When she places Misa on the bed, the faux-blonde still refuses to let go so Sayu, seeing no alternative, decides to lie down beside her. She lets Misa use her arm as a pillow and press her finely crafted body right up close to Sayu's (is this what it felt like for him?). It doesn't feel like a dream, but she almost wishes it did. Soon after getting over the curious feeling of Misa's flesh against hers, Sayu falls into the deepest sleep she has had for weeks.
Morning arrives with dull light coming in through the bedroom door and an ache in Sayu's shoulder from the way she slept on it. She presses her face into her pillow, trying to push her mind back into unconsciousness (she think she was dreaming, but cannot remember what of). Remembering Misa, she realizes the other side of her bed is empty and she drags herself up to see where she's gone.
She finds Misa huddled on the sofa, knees clutched to her chest and hair hanging in her swollen eyes. After a while, Misa notices Sayu's reflection in the window she's been staring out of, watching the pale sunrise light up the city around them, and swivels her head to look. Her body is bathed in shadows, with sunlight outlining the fine edges of her arms, face, neck, hair tangled with gold. Sayu flinches as their eyes meet.
"Let's go somewhere," Misa whispers, her voice hoarse, pleading. "Please. Misa doesn't care where, just somewhere…"
Sayu isn't sure of what to say. She's still looking for a new job and it would be nice to take a little vacation, but does she really want to go anywhere with this miserable wreck of a woman? But then again, whom else does Misa have right now?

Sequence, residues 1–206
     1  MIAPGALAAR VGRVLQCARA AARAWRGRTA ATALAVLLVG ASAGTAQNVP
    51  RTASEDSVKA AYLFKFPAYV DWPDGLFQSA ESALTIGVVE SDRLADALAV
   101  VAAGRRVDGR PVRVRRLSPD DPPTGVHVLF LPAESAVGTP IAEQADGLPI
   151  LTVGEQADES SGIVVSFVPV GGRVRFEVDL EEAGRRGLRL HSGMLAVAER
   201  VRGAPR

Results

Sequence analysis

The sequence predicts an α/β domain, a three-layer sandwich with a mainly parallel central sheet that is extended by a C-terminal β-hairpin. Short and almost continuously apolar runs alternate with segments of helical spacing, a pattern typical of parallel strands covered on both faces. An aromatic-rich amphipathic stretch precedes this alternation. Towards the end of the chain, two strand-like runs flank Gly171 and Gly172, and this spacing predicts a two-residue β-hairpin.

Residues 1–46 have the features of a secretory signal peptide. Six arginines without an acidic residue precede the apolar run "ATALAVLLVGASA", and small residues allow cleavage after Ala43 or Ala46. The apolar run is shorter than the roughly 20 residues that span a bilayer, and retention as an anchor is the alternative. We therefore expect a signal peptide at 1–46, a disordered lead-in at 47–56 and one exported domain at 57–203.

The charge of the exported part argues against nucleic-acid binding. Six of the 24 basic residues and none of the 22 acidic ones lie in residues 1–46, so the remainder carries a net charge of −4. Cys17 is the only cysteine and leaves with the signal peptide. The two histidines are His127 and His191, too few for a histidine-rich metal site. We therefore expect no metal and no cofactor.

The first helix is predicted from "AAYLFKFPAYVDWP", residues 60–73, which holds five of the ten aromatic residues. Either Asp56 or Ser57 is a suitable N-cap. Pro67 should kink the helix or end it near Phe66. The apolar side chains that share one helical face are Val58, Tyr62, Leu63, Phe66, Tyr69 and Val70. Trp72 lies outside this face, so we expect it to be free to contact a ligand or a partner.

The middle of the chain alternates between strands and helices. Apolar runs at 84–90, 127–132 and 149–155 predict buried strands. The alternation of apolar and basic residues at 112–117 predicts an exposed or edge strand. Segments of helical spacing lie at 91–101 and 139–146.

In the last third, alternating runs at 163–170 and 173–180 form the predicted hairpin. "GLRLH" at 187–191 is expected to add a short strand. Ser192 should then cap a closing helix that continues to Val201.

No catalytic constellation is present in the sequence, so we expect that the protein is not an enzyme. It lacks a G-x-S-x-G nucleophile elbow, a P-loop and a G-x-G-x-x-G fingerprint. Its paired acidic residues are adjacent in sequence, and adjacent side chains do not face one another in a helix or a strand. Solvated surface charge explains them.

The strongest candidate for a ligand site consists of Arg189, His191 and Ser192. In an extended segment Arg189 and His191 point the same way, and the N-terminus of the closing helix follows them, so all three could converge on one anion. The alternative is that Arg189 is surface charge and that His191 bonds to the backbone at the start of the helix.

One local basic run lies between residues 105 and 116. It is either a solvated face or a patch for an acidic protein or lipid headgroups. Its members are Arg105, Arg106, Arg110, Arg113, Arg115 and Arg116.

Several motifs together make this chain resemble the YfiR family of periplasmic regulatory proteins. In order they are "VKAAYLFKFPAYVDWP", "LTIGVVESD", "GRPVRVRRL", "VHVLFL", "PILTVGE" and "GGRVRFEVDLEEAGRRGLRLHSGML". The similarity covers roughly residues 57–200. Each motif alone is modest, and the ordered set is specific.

"All right. We'll leave in an hour," she says, turning away before she can see Misa's reaction.
They decide to travel from place to place by train – Sayu is the one who buys the tickets, but Misa's credit cards pay for them. By the time they find their seats, Misa's mask has slipped firmly back into place. Bags tucked beneath their seats (she convinced Misa to leave one of her bags back in the apartment), Sayu listens patiently to Misa's anecdotes.
"Oh, Misa remembers, there was this one time she was taking a train back home from a photo shoot way out in the country, and," Misa giggles, "this straaaange woman sat down beside her…" and Sayu lets her mind drift back out into space for the rest of the story, though she does remember to laugh when the end comes.
"Misa likes it when you smile, Sayu-chan," Misa says, delighted. "You know, you look a lot like Light when you smile like that."
The train ride only takes a few hours, so after booking a hotel room for the night and phoning Sachiko to let her know where they are, they still have lots of time. Misa decides to take Sayu sightseeing and shopping, though they have more fun trying on the clothing than anything else, like children playing dress up (playing pretend). Sayu has to admit, it feels nice to be so frivolous – to be careless, soaking up life without having to work so hard for the chance. It feels nice to walk around in the yellow sundress Misa bought for her, their arms linked together, attracting stares. Misa is recognized by a few people, and isn't that just a thrill.
It's so easy just to forget about everything when things are like this…
(She swears she sees him, just across the street, but no, it can't be him because he's gone, he's gone, he's gone, and why can't she get that through her head?
"What's the matter?" Misa's hand presses against her thigh, a vivid reminder.
"Nothing, it's nothing…."
There's nothing wrong with you, you're fine.)
Night comes again too soon, and suddenly he's everywhere again as Sayu realizes the only pyjamas she packed were ones he had given her for her birthday a year or two ago. He mailed them to her with a card attached, but at least he remembered; he always remembered, year after year. Trying to push it out of her mind, Sayu watches Misa carefully wipe the make up off her face, brush her teeth, and then tie her hair back. She goes through the routine meticulously, as if it's going to save her life.